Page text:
Sisters among 58 students to receive record $2.6 million in maritime scholarships

Angelia (left) and Alissa Ong will soon share careers in the maritime industry.
Angelia (left) and Alissa Ong will soon share careers in the maritime industry.ST PHOTO: ONG WEE JIN

SINGAPORE - Inseparable from a young age, sisters Angelia and Alissa Ong share many things - a double-decker bed, the first seven digits of their mobile numbers, and soon, careers in the maritime industry.

Alissa, 19, thought at first she might be a teacher, but the colourful accounts that her sister, 21, brought back from ship visits while on a maritime internship changed her mind.

The younger Ms Ong said: "Whenever she came back from a ship, she would show me photos of all the places she had climbed over, all the things she had seen. She really inspired me to take this route."

Alissa is currently in her second year of Maritime Studies at Nanyang Technological University, while Angelia completed her Diploma in Maritime Business at the Singapore Maritime Academy (SMA) in Singapore Polytechnic this May, and will pursue a degree in Maritime Business and Maritime Law at Plymouth University in Britain next month.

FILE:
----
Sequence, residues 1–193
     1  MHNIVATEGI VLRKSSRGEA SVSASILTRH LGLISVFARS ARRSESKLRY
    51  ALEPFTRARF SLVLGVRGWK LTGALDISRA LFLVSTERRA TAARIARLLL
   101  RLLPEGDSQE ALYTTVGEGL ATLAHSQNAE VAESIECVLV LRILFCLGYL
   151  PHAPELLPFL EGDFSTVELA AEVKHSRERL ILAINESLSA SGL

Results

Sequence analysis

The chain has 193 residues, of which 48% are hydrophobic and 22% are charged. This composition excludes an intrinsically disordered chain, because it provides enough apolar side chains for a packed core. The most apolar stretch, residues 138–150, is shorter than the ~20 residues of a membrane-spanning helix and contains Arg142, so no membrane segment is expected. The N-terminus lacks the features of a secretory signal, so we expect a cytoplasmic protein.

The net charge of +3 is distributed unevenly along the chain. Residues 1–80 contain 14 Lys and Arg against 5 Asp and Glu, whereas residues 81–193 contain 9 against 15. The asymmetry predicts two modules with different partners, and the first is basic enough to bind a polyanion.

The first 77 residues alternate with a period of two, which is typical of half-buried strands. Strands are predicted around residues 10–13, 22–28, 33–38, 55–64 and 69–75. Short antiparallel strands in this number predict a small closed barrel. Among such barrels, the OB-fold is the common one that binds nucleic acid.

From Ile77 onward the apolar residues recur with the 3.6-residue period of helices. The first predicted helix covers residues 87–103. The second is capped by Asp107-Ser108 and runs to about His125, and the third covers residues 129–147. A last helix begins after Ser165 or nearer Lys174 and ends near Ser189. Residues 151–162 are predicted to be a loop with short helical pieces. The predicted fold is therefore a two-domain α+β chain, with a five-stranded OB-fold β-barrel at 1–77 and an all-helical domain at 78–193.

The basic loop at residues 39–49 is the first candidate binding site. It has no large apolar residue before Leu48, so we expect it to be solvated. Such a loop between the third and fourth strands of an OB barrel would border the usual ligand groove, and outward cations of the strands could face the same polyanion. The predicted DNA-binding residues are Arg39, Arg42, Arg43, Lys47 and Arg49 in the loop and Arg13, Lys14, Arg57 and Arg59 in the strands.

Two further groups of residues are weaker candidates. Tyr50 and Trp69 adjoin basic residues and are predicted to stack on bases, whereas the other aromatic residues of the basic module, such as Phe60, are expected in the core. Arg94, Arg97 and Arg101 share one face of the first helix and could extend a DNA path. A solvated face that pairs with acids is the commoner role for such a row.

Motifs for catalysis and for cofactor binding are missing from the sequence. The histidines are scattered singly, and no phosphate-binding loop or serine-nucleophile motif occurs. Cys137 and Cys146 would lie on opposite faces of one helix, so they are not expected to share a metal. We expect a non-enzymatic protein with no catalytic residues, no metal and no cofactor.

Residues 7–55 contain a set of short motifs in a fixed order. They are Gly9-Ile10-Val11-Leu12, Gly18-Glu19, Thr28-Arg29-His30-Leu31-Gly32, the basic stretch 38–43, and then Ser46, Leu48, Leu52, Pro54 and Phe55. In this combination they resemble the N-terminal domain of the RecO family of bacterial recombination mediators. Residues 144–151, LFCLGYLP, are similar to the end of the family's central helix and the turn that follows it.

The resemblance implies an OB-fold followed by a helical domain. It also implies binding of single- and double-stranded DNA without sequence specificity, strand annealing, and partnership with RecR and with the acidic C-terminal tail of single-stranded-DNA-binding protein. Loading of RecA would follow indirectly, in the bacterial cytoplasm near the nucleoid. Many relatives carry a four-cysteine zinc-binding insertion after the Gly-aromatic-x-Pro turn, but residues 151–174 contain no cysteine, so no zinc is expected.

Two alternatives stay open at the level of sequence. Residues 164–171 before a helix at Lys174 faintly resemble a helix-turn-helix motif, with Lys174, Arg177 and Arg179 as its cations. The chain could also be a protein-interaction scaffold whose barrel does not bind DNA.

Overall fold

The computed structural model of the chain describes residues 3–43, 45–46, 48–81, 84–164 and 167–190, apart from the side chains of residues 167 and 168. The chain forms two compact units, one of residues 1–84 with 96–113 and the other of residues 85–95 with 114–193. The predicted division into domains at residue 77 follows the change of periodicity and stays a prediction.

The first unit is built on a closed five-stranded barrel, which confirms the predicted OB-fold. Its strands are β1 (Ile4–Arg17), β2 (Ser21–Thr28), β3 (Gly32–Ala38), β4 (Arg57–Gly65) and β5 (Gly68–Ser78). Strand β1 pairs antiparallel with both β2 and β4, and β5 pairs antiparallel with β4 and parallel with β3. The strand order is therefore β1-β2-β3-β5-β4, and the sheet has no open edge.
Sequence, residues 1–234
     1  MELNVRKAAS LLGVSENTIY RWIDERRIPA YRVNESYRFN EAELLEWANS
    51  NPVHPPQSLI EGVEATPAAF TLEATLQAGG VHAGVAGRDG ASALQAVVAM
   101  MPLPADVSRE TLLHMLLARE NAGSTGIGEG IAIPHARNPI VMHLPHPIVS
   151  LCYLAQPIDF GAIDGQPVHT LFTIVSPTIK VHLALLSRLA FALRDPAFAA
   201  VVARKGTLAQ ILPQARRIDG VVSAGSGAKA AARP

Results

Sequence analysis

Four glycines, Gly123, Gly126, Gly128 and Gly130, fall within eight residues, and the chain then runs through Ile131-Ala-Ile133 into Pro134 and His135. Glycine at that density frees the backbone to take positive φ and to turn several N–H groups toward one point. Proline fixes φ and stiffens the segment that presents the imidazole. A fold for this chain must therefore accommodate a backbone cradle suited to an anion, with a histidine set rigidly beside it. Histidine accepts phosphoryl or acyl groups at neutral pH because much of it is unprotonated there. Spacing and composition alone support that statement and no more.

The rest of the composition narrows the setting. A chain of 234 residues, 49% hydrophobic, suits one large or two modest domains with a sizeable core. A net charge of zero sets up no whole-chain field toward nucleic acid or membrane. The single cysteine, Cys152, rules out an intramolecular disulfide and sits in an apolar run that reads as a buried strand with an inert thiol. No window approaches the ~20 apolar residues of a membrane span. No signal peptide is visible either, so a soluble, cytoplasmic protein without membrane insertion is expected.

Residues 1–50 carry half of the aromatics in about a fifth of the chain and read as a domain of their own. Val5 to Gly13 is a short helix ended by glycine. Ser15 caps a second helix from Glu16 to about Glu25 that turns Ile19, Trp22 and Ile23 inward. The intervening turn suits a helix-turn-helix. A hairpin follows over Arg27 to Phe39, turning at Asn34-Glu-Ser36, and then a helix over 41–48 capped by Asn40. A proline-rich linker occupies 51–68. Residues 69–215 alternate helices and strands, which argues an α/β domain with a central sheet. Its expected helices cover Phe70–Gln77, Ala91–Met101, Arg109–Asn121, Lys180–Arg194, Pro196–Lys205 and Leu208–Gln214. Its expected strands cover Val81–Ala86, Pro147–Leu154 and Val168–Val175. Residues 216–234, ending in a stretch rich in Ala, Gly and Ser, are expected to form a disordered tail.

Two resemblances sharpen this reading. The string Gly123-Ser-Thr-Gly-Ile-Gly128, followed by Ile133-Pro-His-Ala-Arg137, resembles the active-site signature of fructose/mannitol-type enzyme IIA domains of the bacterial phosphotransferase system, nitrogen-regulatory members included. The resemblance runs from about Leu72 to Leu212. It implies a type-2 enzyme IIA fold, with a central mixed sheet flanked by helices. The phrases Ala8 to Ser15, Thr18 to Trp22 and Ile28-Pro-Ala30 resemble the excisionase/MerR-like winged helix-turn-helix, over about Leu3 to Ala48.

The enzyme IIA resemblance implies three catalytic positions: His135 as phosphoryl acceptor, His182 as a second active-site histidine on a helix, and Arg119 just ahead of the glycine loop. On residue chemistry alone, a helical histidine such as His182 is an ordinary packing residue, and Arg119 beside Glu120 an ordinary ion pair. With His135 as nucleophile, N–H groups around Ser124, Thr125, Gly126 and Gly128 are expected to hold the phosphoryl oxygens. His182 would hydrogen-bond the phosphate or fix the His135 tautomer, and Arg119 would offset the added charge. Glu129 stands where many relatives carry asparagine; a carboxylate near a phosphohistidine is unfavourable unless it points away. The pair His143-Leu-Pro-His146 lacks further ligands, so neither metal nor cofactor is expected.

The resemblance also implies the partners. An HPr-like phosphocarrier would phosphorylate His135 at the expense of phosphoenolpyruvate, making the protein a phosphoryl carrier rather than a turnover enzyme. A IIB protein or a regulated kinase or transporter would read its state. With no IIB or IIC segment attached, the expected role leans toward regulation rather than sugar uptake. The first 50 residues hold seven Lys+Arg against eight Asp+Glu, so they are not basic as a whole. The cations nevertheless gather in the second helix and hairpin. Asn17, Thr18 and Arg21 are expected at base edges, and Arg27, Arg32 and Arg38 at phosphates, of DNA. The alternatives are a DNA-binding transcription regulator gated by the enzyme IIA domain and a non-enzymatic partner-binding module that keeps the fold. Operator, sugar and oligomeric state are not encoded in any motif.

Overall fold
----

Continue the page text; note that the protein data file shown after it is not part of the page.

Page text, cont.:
The Ong sisters were among 58 students awarded maritime scholarships worth more than $2.6 million on Thursday night, the highest amount given out to date under the two programmes.

Of these, 38 were MaritimeONE scholarships, sponsored by various industry players such as shipping lines, shipyards and maritime ancillary service companies.

Twenty Tripartite Maritime Scholarships (TMSS), managed by Maritime and Port Authority of Singapore, were also given out to students pursuing seafaring careers, almost double from the year before.

Speaking after the award ceremony at Conrad Centennial hotel, Singapore Maritime Foundation chairman Michael Chia said: "We need to look at having a continuing pipeline of young blood into this industry.

"There's always a shortage of good people in this industry and it takes a long time to develop the talent needed. It's a long process."